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    Many shrubland bird species are declining in eastern North America and as a result forestmanagers have used a variety of techniques to provide breeding habitat for these species. The maintenance of permanent "wildlife openings" using prescribed burns or mechanical treatments is a widely used approach for providing habitat for these species, but there have been no studies of the effects of treatment regime on bird abundance and nest survival in managed wildlife openings. We studied shrubland birds in wildlife openings on the White Mountain National Forest (WMNF) in New Hampshire and Maine, USA, during 2003 and 2004. We analyzed bird abundance and nest survival in relation to treatment type (burned versus mowed), treatment frequency, time since treatment, and patch area. We found that wildlife openings provided habitat for shrubland birds that are not present in mature forest. There was relatively modest support for models of focal bird species abundance as a function of treatment regime variables, despite pronounced effects of treatment on habitat conditions. This probably was attributable to the combined effects of complex site histories and bird site fidelity. Overall nest success (52%) was comparable to other types of early-successional habitats in the region, but there were few supported relationships between nest survival and treatment variables. We conclude that wildlife openings provide quality habitat for shrubland birds of high conservation interest as long as managers ensure treatment intervals are long enough to permit the development of woody vegetation characteristic of the later stages of this sere.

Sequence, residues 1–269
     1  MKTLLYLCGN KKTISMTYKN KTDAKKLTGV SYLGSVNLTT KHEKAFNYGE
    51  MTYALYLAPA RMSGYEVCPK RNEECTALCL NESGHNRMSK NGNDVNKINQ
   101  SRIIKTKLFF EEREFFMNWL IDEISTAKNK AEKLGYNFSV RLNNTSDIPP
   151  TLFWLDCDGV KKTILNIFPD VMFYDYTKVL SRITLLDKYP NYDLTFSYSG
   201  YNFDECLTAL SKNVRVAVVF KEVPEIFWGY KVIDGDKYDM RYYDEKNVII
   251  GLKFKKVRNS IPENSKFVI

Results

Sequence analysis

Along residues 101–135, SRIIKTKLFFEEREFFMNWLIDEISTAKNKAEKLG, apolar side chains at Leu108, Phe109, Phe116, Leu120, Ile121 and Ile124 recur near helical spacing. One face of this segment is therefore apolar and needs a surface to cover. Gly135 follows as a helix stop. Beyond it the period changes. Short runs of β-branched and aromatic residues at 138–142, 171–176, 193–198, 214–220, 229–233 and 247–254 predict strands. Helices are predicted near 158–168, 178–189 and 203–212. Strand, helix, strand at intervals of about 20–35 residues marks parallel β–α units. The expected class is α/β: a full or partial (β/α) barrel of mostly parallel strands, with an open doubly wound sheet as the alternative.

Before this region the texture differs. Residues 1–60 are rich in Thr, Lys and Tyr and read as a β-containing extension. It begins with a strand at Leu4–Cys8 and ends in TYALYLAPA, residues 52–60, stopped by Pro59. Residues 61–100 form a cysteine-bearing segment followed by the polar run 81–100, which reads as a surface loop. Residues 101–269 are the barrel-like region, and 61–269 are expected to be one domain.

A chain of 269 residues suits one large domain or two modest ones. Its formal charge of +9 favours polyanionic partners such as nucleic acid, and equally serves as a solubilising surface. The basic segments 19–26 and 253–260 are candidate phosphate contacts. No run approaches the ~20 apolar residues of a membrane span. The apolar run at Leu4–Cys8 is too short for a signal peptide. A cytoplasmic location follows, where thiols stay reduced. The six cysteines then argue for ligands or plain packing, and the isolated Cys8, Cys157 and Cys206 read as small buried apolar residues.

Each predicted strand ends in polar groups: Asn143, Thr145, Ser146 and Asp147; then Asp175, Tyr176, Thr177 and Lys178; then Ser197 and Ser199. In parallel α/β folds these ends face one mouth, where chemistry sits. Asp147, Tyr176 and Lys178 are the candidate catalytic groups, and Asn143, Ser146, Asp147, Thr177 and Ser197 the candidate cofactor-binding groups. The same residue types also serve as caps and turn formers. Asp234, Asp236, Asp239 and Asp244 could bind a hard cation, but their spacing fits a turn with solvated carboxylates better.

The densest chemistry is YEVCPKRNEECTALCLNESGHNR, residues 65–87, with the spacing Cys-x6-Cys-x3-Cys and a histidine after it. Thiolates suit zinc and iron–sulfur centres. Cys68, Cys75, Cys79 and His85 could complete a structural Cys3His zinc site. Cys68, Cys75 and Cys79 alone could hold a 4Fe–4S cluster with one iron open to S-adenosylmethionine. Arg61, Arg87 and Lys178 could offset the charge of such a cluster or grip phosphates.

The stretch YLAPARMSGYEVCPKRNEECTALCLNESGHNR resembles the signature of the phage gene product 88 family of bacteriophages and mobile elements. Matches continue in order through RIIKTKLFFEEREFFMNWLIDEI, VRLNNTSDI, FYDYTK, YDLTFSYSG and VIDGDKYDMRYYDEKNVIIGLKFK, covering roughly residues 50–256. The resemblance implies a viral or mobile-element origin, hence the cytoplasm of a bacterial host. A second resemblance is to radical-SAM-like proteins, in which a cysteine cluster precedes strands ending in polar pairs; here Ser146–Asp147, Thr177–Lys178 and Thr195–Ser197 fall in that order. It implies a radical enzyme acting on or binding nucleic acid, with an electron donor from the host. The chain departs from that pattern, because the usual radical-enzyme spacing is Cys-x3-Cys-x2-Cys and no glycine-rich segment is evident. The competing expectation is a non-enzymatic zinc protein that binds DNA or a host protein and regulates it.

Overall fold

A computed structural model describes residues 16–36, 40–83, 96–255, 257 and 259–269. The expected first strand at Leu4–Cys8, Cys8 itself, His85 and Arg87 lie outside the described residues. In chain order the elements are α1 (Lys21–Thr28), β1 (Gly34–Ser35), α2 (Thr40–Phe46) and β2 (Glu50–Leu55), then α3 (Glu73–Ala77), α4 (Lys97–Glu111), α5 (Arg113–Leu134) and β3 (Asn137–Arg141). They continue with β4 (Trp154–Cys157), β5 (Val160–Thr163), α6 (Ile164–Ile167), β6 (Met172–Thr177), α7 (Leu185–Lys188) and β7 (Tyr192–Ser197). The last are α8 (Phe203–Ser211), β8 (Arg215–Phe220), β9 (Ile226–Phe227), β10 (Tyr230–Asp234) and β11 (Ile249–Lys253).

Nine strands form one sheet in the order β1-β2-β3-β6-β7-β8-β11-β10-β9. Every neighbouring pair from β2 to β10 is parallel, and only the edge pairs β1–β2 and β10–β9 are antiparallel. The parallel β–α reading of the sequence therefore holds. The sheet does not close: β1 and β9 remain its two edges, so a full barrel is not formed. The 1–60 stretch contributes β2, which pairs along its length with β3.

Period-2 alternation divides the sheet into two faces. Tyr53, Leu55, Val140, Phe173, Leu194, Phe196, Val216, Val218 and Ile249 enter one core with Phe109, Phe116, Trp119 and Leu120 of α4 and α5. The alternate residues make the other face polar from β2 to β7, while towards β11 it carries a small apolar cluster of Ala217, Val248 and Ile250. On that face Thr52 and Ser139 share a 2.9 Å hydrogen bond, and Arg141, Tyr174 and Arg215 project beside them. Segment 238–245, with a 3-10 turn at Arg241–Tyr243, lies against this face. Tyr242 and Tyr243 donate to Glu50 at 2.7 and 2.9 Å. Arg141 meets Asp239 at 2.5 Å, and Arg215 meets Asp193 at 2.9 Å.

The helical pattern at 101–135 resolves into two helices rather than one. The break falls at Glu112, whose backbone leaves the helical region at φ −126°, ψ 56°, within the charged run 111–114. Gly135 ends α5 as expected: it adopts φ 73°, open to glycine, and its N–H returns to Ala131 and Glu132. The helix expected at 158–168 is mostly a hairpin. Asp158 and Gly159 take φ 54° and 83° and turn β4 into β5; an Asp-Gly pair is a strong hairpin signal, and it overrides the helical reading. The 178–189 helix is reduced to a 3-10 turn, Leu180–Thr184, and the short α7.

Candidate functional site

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    Chandler, Richard B.; King, David I.; Chandler, Carlin C. 2009. Effects of management regime on the abundance and nest survival of shrubland birds in wildlife openings in northern New England, USA. Forest Ecology and Management. 258(7): 1669-1676.


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    Early-successional habitat, Detectibility, Nest success, Patch area, Scrub-shrub birds, Management history

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